By M. D. Vernon. B. Three Experiments on the Relation of Meaning to Perception in Reading. By R. W. Pickford. From the Psychological Laboratory of the University of Cambridge. Price, 2 shillings. Pp. 59. London : His Majesty's Stationery Office, 1929.
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This pamphlet of fifty-nine pages describes two sets of experiments on the psychology of reading. The first, by Mr. Vernon, is an attempt to determine to what extent whole words are perceived by the recognition letter by letter, of the printing type which goes to make up words, and to what extent by other processes, such as the perception of each word as a whole, or by certain determining letters or by judging words by their probable meaning in the context.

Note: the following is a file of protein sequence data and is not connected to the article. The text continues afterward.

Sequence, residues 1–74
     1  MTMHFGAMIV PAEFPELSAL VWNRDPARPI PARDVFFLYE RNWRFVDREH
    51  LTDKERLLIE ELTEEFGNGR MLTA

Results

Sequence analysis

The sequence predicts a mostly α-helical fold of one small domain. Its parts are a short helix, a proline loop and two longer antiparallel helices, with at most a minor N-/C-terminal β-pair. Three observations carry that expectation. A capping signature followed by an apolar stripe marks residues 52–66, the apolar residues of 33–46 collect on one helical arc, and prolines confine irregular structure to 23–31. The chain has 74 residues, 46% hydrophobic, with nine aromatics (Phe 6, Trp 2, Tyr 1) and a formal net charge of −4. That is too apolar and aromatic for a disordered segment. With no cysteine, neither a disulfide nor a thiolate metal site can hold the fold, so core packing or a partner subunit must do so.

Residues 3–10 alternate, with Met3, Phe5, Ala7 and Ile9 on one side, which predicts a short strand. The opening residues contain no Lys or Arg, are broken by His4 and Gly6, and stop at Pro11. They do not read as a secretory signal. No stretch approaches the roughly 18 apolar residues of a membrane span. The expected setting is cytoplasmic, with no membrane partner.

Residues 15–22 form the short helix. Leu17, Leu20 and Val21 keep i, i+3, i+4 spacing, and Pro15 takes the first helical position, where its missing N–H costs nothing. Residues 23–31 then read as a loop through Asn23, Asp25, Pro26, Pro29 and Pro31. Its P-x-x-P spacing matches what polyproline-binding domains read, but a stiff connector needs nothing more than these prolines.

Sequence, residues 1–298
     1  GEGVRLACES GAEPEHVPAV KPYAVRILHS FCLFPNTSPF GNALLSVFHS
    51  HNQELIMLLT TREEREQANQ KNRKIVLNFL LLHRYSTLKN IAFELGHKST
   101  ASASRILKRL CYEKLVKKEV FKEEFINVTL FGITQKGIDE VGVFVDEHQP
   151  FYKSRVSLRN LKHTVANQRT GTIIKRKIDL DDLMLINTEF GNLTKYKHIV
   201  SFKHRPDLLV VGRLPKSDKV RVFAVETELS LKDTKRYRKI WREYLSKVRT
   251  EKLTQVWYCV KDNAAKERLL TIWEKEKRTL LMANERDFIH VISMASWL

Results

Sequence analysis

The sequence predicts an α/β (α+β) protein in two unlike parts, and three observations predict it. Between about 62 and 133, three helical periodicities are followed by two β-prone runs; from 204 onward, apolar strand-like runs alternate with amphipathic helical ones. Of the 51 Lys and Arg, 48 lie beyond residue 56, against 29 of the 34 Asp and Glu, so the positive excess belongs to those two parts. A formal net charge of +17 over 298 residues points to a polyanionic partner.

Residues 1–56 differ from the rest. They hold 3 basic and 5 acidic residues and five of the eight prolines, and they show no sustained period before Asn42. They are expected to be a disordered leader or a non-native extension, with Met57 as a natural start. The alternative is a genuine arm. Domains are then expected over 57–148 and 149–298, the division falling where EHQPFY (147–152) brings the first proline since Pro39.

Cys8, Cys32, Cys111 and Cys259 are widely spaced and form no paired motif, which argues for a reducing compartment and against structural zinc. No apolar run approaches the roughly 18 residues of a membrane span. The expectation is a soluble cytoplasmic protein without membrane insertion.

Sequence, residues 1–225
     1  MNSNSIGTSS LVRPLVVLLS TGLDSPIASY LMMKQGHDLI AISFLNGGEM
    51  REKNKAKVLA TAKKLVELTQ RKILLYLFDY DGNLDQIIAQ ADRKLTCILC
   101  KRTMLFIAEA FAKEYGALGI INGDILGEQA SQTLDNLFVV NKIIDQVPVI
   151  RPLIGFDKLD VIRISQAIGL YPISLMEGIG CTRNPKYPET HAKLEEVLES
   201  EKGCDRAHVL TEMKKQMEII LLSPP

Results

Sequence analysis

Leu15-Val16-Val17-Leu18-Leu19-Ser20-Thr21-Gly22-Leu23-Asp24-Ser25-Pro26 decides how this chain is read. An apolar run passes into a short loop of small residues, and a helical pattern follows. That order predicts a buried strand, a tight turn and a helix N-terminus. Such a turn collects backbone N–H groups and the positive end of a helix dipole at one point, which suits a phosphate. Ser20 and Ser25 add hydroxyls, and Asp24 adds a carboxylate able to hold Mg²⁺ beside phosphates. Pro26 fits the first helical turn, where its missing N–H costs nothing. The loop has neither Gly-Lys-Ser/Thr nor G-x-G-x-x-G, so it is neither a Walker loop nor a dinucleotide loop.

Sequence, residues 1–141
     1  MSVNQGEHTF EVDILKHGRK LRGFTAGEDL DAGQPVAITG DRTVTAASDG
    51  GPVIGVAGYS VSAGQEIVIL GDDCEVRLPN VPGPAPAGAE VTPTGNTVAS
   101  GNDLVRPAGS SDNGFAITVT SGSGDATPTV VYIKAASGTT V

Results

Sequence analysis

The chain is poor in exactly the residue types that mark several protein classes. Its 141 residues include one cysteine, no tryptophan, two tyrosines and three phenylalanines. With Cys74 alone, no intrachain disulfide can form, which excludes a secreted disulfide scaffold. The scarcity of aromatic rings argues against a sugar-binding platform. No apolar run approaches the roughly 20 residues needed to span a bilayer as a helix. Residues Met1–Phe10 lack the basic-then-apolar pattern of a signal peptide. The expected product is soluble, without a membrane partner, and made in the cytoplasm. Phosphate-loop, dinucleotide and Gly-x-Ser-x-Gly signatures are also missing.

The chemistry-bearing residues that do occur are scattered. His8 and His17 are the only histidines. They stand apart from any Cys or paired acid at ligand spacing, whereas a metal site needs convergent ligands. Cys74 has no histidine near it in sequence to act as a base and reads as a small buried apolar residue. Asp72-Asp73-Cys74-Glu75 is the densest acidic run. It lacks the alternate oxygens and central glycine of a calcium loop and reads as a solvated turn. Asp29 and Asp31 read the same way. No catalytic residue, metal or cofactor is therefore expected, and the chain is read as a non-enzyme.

In each series of experiments an apparatus called a "tachistiscope" was used. With this instrument word or short sentence exposures of about one-fifth second could be obtained. This apparatus also permitted the rapid changing of words or short sentences, or the substitution of words in the sentence.
The general conclusion reached from the first series of experiments was that when the meaning of the material read was fully comprehended,
T. AH. Report of the Committee on the Physiology of Vision. III. Studies in the Psychology of Reading. A. The Errors Made in Reading. Arch Ophthalmol. 1929;2(6):764. doi:10.1001/archopht.1929.00810020787019
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